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Gradient Index Lenses Information

Gradient index lenses are optical lenses — often planar — which are used in specialized applications.

Gradient index (or GRIN) optics encompasses optical effects produced by gradual variation of the refractive index of a material. Use of these materials results in the possible construction of uniquely-shaped lenses which lack the typical aberrations present in conventional spherical lenses. An excellent example of a gradient index optical system is the human eye. The refractive index of the eye lens varies from 1.406 in the center to 1.386 in the outer layers, allowing humans to see images with both good resolution and low aberration. The refractive index of the vitreous humour within the eye is typically around 1.3.

gradient index lenses selection guide

The parts of the eye and their respective refractive indices.

Image credit: ScubaGeek

Refractive Index Explained

The refractive index of a material describes how light propagates through the material when compared to the speed of light through a vacuum. Refractive index is defined as:


n = refractive index

c = speed of light in a vacuum

v = speed of light through the substance/material

Therefore, taking the example of the typical vitreous humour index of 1.3, this value states that light moves 1.3 times faster through water than it does through the vitreous humour. While almost all refractive indices are greater than 1, it is possible for specialized materials to have indices less than 1 due to the fact that the index measures the phase velocity — not the true propagation speed — of light.

The table below lists common GRIN lens materials and their refractive indices. Material subtypes within each table entry limit the listed index range; for example, while both of their indices lie within the range of optical glass materials, flint glass and borosilicate glass have the differing ranges of 1.523-1.925 and 1.470, respectively. A material's refractive index also determines its optimal wavelength range. Substances with indices between 1 and 2 — namely glass and plastics — are most suitable for the visible spectrum (380 to 750 nm), while those greater than 2 — zinc selenide and especially germanium — are more appropriate for infrared (750 to 2500 nm) applications.


Typical refractive indices

Optical glass

1.47 – 1.925

Polymers (PET, polycarbonate, acrylic)

1.315 – 1.7



Zinc selenide

2.4 – 2.67

Sodium chloride


Human eye

1.373 – 1.406

Gradient Index Lens Operation

GRIN lenses are manufactured by using various methods — among them neutron irradiation, chemical vapor deposition, and ion exchange — to create a variable refractive index on the lens's surface. By precisely varying the refractive index of the surface, gradient index lenses are able to continuously bend light within the lens until the light rays focus on the focal point behind the lens. This contrasts with conventional spherical lenses, which bend light only twice: when the waves meet the surface of the lens and when they exit the back of the lens.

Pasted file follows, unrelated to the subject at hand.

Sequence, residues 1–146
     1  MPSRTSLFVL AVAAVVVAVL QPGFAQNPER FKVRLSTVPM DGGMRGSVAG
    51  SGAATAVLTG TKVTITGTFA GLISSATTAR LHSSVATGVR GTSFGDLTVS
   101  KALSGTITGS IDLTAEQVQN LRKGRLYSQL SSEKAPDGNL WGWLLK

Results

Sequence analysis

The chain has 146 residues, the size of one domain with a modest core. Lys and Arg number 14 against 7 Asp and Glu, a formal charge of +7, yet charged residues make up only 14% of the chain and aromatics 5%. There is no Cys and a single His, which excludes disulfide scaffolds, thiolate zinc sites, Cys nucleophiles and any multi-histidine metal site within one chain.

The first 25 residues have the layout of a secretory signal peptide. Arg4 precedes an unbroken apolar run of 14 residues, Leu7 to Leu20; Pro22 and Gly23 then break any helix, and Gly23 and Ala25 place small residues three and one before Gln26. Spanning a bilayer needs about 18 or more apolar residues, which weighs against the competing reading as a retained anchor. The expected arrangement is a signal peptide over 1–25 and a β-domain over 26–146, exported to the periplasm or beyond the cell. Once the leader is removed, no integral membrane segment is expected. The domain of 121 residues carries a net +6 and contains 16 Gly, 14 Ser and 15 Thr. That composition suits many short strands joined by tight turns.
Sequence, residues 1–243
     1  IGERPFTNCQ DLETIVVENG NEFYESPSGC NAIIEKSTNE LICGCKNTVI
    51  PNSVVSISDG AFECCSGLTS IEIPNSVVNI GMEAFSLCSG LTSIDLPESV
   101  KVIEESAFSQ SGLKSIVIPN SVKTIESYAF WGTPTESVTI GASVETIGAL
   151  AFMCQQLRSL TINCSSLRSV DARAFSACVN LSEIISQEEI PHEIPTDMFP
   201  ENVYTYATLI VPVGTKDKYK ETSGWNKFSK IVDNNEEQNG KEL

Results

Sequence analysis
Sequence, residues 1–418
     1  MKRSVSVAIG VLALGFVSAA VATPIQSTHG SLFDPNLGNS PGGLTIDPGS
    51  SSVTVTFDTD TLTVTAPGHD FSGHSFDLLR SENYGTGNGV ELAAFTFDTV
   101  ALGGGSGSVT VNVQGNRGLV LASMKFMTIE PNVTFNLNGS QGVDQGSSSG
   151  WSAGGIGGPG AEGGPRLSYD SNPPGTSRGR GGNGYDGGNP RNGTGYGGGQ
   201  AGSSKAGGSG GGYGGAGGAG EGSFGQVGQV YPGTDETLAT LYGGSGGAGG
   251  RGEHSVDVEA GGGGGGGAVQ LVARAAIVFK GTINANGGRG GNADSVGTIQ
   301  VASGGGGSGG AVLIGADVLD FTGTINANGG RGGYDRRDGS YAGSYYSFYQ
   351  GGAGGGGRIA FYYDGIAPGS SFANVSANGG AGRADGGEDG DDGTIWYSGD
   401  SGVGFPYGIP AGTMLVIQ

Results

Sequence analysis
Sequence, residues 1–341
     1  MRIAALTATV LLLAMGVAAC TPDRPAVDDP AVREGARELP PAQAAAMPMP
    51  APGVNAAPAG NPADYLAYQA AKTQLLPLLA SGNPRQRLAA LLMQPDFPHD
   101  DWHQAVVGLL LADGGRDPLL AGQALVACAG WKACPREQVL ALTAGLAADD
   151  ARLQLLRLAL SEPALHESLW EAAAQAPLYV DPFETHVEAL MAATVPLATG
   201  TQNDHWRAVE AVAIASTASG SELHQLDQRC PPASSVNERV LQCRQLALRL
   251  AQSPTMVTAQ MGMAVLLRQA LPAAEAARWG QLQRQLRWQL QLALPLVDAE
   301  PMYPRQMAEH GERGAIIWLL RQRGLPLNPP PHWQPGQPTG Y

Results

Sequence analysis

gradient index lenses selection guide gradient index lenses selection guide

A comparison of a positive GRIN lens (left) and a conventional lens.

Image credit: Grintech

Like most optical lenses, gradient index lenses can be positive (converging) or negative (diverging). The GRIN lens image above shows a converging lens, while the one below shows a negative one.

gradient index lenses selection guide

Image credit: Grintech


GRIN lenses are useful in any application requiring a flat lens, including photocopiers and scanners. They are especially useful in fiber optics: a flat lens can easily be connected to optical fiber in order to provide collimated output.

gradient index lenses selection guide

A GRIN lens within a fiber optic collimator. Image credit: Thorlabs


Optical Surface Quality

A gradient index lens's surface quality rating is based on the MIL-0-131830A(1963) standard. The standard specifies two different types of surface defects:

  • Scratches are defects with lengths many times their widths.
  • Digs are defects with nearly equal lengths and width.

Surface quality ratings consist of two numbers separated by a hyphen, as in x-y. The x in this formula refers to the maximum allowable width of a scratch — expressed in tenths of a micron — while the y refers to the maximum width of a dig, expressed in hundredths of a millimeter. For example, a lens with a 20-10 scratch/dig rating specifies that any scratches have a maximum width of .002 millimeters (2 microns), while any digs must not exceed .10 mm in width. Smaller numbers are desirable for both specifications. 


Optics manufacturers often specify optical surface flatness using a "peak to valley" (P-V) measurement. This value is the difference between the relative highest and lowest points of the optical surface. P-V is expressed as a ratio of a set wavelength, as shown in the table below. When expressed as a fraction, a higher denominator indicates better quality.

Surface flatness

Relative quality



Very low

Lowest quality; suitable for noncritical applications.



Typically used for beam splitters; not suited to high power applications.



Suitable for many laser and scientific applications.


Very good

Most precise quality; suitable for critical wavefront control applications.


Grintech - Gradient Index Optics


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